Church vandalism hurts trans community

Fewer than two days after the First Unitarian Universalist Church in Uptown hosted a town hall for the transgender community’s needs and concerns, its property was subject to destructive vandalism. It was a harsh reminder for everyone involved that whenever a step is taken to bring about positive social change, two steps are taken backward to hamper and destroy that progress.

Apart from the deliberate timing of the vandalism, the significance of the beautiful stained-glass window a rock was hurled at made matters much worse. The piece was handmade after Hurricane Katrina. 

“It represents the flood waters rising and the flood and the recovery after,” Reverend Paul Beedle said the morning after the vandalism. “It’s a meaningful window to us, we love it a lot and we will make it whole again.” 

The most disheartening part of this shattered window is the attempt to shatter the sanctuary that this church has become. While involved in various social justice campaigns, the church has worked tirelessly to make voices of marginalized communities heard. Though the Christian aspect of the church might be at odds with the acceptance of some of these communities, the church itself has tried to reconcile these differences. 

Today, the church acts as a safe space for everyone. It has several other ties to LGBTQ+ communities and was conducting the town hall due to the heightened danger surrounding its trans community, especially after the killings of two black trans women in February in New Orleans. The church’s misfortune is the latest in a string of vandalisms against LGBTQ+ safe spaces across the nation. With glass being shattered in Washington D.C., Oklahoma, New Jersey, Florida and now our own home, New Orleans, the determination of these centers to simply establish equality may be close to getting shattered as well.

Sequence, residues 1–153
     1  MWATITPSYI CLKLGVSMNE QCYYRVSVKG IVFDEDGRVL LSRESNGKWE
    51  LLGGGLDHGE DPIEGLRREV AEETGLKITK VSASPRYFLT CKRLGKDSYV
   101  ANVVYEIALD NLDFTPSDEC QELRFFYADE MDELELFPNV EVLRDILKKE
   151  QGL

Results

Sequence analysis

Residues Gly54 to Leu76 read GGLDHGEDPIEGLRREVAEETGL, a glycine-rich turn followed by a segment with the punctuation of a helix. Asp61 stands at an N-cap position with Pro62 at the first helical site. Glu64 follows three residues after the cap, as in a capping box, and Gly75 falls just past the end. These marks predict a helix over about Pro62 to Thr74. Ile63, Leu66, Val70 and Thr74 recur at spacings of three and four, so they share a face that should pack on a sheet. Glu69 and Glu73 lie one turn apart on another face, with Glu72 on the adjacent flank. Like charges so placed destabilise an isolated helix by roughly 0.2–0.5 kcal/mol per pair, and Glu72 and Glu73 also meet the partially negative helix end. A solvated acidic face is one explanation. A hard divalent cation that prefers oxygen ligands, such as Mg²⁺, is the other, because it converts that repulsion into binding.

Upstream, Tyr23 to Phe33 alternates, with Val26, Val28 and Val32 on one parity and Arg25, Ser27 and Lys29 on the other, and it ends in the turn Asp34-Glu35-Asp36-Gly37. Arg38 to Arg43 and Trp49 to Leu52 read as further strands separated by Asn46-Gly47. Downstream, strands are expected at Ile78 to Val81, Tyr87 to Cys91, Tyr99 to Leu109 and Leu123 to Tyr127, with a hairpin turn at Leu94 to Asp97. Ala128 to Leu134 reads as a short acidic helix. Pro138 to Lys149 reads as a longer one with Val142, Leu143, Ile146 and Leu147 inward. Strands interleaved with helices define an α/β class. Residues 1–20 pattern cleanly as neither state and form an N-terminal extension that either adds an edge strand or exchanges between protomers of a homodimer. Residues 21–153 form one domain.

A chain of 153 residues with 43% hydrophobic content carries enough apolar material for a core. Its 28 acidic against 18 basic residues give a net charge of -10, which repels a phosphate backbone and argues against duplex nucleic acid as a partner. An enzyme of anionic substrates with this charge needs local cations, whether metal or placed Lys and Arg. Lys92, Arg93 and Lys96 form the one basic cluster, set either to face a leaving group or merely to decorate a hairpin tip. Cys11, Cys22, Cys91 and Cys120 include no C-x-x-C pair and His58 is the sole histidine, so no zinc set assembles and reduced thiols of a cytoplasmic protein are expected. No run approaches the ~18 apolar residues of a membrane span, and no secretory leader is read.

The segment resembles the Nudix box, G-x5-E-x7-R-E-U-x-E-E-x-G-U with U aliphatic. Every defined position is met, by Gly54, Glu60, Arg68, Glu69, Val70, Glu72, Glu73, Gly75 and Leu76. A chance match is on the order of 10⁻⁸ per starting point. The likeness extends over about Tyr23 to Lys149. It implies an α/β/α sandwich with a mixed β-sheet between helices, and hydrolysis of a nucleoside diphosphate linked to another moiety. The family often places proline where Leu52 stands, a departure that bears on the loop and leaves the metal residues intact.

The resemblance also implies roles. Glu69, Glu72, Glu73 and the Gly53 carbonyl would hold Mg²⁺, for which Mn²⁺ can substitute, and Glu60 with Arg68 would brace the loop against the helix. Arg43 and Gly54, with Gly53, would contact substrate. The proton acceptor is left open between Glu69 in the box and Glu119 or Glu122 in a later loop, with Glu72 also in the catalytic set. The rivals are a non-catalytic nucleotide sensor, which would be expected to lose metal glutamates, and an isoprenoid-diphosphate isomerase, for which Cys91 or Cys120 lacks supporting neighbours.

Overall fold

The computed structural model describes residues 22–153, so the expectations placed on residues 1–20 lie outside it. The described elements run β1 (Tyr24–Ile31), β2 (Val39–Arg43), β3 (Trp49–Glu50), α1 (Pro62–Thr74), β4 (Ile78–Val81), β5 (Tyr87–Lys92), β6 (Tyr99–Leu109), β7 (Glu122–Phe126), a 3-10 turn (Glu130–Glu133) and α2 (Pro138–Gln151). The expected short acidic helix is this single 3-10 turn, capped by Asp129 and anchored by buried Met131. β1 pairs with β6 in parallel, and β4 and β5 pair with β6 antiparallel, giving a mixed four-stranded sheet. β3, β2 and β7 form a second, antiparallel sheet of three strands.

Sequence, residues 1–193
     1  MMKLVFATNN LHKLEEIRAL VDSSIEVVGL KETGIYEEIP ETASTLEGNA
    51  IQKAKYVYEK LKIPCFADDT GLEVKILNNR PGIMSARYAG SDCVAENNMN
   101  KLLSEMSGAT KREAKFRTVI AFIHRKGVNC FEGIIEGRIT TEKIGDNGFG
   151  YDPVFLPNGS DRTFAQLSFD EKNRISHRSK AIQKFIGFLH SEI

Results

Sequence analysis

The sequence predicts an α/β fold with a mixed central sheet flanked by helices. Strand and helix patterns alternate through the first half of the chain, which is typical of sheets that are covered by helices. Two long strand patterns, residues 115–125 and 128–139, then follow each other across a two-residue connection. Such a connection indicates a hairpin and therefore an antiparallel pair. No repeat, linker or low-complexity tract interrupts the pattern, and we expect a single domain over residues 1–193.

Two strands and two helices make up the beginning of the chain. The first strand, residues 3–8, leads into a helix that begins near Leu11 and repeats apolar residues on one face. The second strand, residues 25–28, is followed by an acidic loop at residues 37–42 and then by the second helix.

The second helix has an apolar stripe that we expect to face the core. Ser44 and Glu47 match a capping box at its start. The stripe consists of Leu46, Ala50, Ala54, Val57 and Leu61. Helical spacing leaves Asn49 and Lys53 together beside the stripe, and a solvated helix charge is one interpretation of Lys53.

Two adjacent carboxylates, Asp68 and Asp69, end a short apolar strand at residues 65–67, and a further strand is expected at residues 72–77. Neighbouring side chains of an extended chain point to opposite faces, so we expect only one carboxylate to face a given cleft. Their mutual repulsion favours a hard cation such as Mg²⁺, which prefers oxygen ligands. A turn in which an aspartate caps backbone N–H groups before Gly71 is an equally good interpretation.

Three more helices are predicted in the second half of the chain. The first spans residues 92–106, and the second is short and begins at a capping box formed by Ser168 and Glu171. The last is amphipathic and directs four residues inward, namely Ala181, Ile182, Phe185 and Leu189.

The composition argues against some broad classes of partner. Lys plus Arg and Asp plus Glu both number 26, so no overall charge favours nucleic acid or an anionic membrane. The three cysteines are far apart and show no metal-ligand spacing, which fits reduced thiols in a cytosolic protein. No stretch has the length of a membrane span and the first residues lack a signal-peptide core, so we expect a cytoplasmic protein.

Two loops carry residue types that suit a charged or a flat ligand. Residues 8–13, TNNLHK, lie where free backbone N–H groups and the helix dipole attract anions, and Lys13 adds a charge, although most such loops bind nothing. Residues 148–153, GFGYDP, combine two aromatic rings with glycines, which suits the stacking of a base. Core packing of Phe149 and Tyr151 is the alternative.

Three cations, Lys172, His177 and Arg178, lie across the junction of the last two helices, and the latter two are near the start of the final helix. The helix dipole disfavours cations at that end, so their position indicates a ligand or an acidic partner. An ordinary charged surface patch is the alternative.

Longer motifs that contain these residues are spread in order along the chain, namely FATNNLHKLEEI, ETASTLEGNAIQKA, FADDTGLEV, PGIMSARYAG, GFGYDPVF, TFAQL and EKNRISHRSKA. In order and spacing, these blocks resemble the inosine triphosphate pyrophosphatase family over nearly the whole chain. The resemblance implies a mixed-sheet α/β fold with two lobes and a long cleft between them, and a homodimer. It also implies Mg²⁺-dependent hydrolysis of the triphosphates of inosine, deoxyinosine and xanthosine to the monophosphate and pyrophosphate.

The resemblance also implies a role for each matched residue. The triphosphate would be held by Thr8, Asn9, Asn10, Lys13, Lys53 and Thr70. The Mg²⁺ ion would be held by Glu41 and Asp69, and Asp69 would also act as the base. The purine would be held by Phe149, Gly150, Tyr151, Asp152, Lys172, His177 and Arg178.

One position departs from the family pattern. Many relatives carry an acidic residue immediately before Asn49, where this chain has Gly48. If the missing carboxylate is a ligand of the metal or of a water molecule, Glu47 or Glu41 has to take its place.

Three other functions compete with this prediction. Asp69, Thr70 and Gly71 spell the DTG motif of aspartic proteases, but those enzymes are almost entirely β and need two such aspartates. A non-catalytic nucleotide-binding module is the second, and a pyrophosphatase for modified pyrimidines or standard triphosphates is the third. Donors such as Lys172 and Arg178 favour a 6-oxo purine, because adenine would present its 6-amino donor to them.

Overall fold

The First Unitarian Universalist Church believes otherwise.

“It does not affect our commitment to stand by our transgender neighbors, and all our neighbors who are marginalized or targeted by systems of oppression,” the church’s official Facebook post said. Though it might have come to terms with the fact that every step forward is going to be met with steps backward, the church has resolved to keep taking those forward steps and to remain a safe, loving and accepting environment. 

Maybe it is time to revert to Gandhi’s ways and meet even the most severe act of violence with love. While it may not be the safest option for every community, those with enough privilege and love in their hearts can certainly take that step. As for now, “learn to love your neighbors,” was all Beedle had to say to those who tried to shatter the First Unitarian Universalist Church, a sanctuary in the New Orleans community. 

This is an opinion article and does not reflect the views of The Tulane Hullabaloo. Pratiksha is a freshman at Newcomb-Tulane College. She can be reached at [email protected].

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